EPA overestimates tighter ozone standard benefits, study finds

Nick Snow
OGJ Washington Editor

WASHINGTON, DC, July 28 -- US Environmental Protection Agency statements on health benefits from lowering the ozone National Ambient Air Quality Standards grossly misrepresent what EPA actually estimates as possible benefits from reducing public ozone exposure, a new study commissioned by the American Petroleum Institute concluded.

“If based on ozone benefits alone, not one of EPA’s estimates of the benefits of reducing ozone to a tighter alternative ozone standard is as large as the costs of attaining that respective ozone standard,” the study by NERA Economic Consulting said. “All cost more than the ozone benefits they might provide.”

“The regulatory impact analysis is creating a misleading impression that the benefits would be reasonable,” said NERA Economic Consulting Senior Vice-Pres. Anne E. Smith, the study’s author, in a July 28 teleconference. “EPA’s own numbers show that the costs would be much greater than the benefits.” She was scheduled to meet with White House Office of Management and Budget officials later in the day.

“In fact, the ozone benefits would be small, and the costs of more stringent standards dwarf them,” said API Scientific and Regulatory Affairs Director Howard Feldman, who also participated. “No other rules could be more detrimental to economic growth, and they fly in the face of President Obama’s regulatory reform initiative.”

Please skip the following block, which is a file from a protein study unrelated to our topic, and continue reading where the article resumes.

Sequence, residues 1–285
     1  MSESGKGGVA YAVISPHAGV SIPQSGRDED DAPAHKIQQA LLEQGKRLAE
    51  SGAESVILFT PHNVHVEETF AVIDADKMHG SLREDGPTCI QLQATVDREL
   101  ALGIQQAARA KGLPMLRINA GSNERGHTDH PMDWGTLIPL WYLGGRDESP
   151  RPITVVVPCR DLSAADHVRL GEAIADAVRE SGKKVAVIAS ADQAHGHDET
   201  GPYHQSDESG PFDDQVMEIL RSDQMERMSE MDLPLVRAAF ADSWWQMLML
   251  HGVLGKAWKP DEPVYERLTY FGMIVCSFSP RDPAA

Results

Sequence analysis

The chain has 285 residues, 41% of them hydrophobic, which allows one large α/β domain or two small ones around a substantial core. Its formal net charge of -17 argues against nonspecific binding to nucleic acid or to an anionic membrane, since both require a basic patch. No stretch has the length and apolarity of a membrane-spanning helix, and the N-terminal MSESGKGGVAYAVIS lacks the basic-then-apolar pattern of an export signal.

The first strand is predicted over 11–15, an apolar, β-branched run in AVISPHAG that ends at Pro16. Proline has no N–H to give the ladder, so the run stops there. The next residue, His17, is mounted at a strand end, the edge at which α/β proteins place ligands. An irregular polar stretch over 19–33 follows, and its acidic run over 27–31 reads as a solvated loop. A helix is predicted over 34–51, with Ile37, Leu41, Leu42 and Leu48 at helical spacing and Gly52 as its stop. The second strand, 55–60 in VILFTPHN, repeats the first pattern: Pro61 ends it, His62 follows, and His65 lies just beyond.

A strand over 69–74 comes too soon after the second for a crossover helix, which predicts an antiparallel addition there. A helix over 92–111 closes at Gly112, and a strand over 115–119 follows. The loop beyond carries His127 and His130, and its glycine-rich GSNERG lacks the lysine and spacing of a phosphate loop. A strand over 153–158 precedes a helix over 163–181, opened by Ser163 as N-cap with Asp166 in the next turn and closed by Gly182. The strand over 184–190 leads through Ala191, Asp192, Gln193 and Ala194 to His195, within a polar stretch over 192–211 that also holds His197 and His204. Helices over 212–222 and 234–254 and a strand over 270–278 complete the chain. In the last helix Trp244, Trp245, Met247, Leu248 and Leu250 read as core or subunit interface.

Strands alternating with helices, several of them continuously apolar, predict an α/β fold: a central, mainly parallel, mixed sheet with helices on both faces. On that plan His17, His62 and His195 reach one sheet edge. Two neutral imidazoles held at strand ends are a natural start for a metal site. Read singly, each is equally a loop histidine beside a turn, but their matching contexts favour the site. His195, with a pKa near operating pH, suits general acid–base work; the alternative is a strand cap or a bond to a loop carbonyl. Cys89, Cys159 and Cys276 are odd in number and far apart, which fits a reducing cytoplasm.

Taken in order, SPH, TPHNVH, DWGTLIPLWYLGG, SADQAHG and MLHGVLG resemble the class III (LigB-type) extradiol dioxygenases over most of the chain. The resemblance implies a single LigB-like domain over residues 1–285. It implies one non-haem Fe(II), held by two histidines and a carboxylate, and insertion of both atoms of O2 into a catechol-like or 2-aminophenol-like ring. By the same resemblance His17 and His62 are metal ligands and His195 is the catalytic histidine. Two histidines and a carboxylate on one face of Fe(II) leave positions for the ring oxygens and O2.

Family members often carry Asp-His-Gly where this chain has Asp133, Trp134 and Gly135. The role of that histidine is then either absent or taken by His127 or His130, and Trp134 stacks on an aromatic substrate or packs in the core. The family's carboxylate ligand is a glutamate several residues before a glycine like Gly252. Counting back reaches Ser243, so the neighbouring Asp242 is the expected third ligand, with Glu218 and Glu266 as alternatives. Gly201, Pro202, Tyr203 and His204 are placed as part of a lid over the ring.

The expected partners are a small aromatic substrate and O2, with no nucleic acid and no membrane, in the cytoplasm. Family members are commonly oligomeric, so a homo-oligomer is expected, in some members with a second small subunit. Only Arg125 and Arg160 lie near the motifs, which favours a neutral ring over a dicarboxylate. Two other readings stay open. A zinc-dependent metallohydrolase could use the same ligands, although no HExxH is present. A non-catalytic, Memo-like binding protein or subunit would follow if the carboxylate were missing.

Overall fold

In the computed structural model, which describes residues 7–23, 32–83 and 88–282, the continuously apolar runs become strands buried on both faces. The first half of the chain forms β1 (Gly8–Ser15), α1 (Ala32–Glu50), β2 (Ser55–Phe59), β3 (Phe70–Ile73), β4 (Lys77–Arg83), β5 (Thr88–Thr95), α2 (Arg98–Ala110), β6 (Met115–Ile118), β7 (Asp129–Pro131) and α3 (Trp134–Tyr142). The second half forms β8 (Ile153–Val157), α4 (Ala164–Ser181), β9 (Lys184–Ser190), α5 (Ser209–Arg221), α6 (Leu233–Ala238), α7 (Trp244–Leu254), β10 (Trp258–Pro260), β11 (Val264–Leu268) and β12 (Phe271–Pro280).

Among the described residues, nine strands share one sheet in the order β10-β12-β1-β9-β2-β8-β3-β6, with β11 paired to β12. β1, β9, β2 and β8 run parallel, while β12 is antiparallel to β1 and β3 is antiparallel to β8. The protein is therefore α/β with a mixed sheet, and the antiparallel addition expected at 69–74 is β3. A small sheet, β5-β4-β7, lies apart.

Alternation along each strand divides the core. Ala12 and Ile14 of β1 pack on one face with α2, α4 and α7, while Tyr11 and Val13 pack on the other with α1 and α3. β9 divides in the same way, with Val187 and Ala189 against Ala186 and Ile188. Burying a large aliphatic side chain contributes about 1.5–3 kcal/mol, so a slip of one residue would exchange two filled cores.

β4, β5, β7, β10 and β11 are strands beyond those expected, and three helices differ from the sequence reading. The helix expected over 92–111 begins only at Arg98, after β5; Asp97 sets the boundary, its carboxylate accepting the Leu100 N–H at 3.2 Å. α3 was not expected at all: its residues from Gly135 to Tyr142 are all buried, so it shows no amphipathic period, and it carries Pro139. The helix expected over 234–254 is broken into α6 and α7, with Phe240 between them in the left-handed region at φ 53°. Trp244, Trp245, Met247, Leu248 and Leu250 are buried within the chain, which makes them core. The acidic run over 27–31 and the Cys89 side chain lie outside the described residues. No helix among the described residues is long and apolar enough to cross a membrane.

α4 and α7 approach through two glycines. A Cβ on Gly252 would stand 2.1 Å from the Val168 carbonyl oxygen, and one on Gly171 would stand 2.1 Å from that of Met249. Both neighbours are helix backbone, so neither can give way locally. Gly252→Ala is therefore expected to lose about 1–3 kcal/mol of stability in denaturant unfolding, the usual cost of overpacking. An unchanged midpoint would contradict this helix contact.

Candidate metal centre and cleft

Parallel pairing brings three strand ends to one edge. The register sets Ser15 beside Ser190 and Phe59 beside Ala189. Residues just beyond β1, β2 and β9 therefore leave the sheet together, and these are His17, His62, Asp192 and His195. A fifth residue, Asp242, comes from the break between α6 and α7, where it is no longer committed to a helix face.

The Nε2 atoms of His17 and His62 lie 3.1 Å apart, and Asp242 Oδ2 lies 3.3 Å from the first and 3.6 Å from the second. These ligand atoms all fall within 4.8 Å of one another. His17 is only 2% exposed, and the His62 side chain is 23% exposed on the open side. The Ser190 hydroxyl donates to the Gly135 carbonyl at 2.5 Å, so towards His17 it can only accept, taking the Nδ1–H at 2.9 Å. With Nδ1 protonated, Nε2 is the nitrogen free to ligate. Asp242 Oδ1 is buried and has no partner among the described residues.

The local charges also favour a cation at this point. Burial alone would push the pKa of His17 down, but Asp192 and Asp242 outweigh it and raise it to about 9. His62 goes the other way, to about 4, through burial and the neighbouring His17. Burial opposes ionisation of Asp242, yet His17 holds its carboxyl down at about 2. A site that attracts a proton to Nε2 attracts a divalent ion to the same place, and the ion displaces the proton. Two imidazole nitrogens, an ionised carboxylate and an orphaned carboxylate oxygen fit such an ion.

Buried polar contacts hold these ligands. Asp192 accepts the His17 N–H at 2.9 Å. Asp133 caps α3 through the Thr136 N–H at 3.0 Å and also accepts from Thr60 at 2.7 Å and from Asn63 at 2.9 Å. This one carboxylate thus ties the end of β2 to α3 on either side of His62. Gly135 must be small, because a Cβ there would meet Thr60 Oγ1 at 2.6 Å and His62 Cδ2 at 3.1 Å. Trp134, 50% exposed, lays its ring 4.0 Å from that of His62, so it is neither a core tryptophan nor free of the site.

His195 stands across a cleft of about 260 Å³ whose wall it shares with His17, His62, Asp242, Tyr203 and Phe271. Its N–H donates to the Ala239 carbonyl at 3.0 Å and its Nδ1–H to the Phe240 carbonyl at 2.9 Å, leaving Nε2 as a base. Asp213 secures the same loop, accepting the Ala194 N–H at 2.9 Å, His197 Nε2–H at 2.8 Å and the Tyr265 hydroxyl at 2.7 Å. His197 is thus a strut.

The study said EPA’s ozone benefits estimates from the proposed tighter standards does not consider that the agency has escalated those benefits by always including benefits due to ozone-related mortality. It said EPA’s independent scientific advisory committee found no causal link between ozone and mortality during its considerations, but the agency now presume that link as part of its reconsideration.

Despite this change that the scientific advisory committee does not support, “EPA’s net benefits estimates for ozone standards tighter than 0.75 ppm are all still deeply negative,” the study said.

Three main flaws
“In its analysis, EPA is unable to identify how the nation will comply with these new standards,” Feldman said. “EPA has proposed stringent new standards that are out-of-cycle, not supported by science, and would have devastating economic consequences. It should move forward with the normal 5-year review now under way.”

API has been working hard to change the administration’s mind, according to Khary Cauthen, the trade association’s government affairs director. “Our industry understands the value of air quality to our society, and has worked very hard over the years to reduce the emissions in the air we all breathe,” he said during the teleconference. “It is our hope that in the next month, the president will become involved and ask that this rule be pulled back and moved into the normal regulatory cycle.”

EPA does not even know how the new standards would be met, he continued. “Larger industries certainly would be more heavily impacted, but no business would remain untouched. The standards would be so close to background ozone levels that operations would close and business moved elsewhere,” Cauthen said. “This isn’t a recipe on how to rebuild an economy. All of this could affect the economic lives of millions of Americans. They need to know about the consequences and make their voices heard.”